A sleek theater from Look Dine-In Cinemas opened this weekend in NYC (or reopened at the former Landmark) on West 57th Street. With wood, windows and well-stocked bar, it’s the face of exhibition that wants to grab moviegoers and keep them.
The look is midcentury modern. Each Look location — there are 12 — “is customized. But this is our design aesthetic. I’m embarrassed to admit this, but lot of it … looks like my home,” CEO Brian Schultz told Deadline. “I’m trying to really get a comfortable feeling. You have to sweat these details.”
The theater on the Hudson River in the Durst Organization’s Bjarke Ingels-designed Via 57 West building opens with Guardians of the Galaxy Vol. 3; Super Mario Bros.; Evil Dead Rise; Are You There God? It’s Me Margaret; Love Again; and Polite Society on the marquee. Schultz, founder and former CEO of Studio Movie Grill, aims for films that hit families and the dating crowd, teenagers and seniors. “Then I feel like we’re doing our job, because we’re really servicing the entire community.”
The chain does well with mid-budget films, he said, and he’s looking foward to the return of R-rated comedies (i.e. Universal’s talking, cursing dog movie Strays, previewed at CinemaCon.) “I mean, that’s been missing forever.”
The box office for franchise wide-releases are rebounding. Schultz predicts the slower-to-recover indie market will revive but could “take a little bit longer, maybe because we’re out of the habit. And it takes a few hits. You come back. And then the big question [for any size film], which is my major concern, is what’s the experience that you have when you do?” Look will play indie films, but isn’t an arthouse chain. Independent distributors have been challenged by an ongoing post-Covid trend of arthouse and arthouse-y chains dedicating many screens to wide releases.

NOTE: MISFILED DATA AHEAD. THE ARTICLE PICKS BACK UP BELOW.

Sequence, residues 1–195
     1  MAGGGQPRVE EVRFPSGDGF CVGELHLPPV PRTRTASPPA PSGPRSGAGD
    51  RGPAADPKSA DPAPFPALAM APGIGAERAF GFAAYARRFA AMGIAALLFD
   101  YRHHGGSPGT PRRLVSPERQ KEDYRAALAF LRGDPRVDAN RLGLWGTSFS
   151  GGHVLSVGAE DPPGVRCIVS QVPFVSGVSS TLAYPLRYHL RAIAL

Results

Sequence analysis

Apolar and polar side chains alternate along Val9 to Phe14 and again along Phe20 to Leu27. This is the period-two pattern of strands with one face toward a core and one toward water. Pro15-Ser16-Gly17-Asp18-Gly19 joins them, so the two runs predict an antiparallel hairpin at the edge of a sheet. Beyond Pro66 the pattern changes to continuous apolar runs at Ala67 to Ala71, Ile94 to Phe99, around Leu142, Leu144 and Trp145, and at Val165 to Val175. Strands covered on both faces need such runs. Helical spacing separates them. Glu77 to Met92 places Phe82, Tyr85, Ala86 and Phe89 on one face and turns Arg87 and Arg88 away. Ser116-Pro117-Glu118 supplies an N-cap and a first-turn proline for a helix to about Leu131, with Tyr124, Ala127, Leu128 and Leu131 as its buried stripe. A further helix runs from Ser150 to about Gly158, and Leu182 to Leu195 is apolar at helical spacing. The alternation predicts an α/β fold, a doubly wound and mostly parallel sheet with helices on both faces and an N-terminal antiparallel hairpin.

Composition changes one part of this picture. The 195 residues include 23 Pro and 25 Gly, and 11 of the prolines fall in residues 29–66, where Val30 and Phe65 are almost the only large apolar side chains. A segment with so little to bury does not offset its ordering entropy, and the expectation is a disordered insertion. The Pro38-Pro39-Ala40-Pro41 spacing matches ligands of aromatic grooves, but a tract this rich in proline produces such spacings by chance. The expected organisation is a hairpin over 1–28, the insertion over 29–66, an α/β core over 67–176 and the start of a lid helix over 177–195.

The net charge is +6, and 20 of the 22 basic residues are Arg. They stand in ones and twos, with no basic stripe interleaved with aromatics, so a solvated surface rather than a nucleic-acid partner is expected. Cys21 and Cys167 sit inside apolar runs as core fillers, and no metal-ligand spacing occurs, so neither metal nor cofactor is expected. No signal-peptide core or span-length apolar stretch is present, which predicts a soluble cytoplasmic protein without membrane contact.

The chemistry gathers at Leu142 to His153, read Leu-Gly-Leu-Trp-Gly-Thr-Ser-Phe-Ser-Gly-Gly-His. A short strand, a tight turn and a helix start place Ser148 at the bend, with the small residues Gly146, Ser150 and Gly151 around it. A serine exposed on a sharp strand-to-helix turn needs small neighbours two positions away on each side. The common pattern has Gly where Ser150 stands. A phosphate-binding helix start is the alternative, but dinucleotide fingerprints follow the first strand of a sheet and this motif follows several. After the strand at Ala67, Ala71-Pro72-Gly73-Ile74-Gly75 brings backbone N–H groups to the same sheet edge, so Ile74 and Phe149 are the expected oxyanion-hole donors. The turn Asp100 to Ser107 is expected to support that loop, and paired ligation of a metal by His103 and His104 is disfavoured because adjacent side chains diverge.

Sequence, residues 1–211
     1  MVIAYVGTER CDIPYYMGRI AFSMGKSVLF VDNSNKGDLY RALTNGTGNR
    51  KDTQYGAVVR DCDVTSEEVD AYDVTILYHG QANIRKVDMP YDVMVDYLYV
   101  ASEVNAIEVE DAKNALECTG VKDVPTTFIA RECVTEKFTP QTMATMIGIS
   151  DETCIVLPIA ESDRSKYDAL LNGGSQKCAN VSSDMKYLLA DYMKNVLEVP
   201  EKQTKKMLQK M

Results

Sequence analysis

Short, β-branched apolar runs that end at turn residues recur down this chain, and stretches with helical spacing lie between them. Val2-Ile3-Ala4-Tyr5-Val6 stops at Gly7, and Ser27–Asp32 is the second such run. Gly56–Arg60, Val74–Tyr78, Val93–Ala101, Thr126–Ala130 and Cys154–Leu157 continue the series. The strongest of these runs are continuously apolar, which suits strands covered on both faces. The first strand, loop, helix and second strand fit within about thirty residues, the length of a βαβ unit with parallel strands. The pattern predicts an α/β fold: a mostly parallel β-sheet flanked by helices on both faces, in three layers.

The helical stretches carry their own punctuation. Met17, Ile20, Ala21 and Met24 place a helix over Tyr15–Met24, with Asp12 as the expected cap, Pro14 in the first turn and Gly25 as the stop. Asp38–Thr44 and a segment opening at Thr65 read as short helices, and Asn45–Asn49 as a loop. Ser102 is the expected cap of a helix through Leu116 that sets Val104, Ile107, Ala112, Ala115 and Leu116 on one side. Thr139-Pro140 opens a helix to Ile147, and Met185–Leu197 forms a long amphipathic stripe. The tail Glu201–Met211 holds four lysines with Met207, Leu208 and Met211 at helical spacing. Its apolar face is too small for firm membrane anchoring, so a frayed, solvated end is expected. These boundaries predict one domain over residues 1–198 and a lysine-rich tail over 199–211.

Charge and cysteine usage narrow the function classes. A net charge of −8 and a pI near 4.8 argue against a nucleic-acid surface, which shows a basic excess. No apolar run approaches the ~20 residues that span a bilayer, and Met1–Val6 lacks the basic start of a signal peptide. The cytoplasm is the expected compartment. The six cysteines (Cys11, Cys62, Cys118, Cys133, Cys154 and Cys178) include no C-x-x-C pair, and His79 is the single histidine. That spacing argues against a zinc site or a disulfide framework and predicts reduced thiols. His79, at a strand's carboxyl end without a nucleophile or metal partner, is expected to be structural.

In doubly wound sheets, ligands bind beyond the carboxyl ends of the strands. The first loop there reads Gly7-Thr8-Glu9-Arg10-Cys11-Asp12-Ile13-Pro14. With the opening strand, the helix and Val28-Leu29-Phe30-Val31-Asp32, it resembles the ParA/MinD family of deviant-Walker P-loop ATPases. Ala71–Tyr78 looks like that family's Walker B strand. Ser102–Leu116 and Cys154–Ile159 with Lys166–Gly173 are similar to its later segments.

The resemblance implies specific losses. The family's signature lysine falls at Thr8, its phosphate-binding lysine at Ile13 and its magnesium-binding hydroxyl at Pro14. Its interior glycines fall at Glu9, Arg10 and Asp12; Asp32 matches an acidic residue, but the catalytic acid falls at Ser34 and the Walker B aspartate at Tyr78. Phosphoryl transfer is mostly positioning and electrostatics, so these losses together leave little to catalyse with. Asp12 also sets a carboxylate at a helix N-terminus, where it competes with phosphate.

The seven auditoriums at West 57th Street, which range in size from 180 sets to 25 for private events, have laser projection, wall-to-wall oversize screens, digital surround sound, luxury recliners and mobile ordering.
Schultz started out in politics as assistant to the late Pennsylvania Senator Arlen Specter but became entranced at a theater in Dallas while out on the campaign trail in the early 1990s. “Draft beer, bucket seats with a table and frozen chicken tenders. And I literally just fell in love with it. A one-screen, old kind of dumpy theater. The projection was terrible. But it just kind of got my imagination going.” He found a backer and another old Dallas theater and launched Studio Movie Grill. The chain filed for Chapter 11 during Covid (it’s since emerged) and Schultz moved on to start Look Dine-In Cinemas in 2021. It’s got locations in LA (Glendale, Downey, Redlands, Monrovia) and Dallas, Georgia and Arizona and another New York theater in Dobbs Ferry in Westchester County. Reston, Virginia is next, then Riverside, CA. “I select the locations based on areas that really need a good theater,” Schultz said.
Effective exhibitor marketing is also key, and new. The industry talked about it for years, he said, but didn’t have great tools. “We were forced to develop them during Covid. After all these years, we didn’t really have that last mile of how to really talk to our guests. And now we do. We’re not sending Mario Bros. to the people who are going to Beau Is Afraid. It’s a totally different customer.”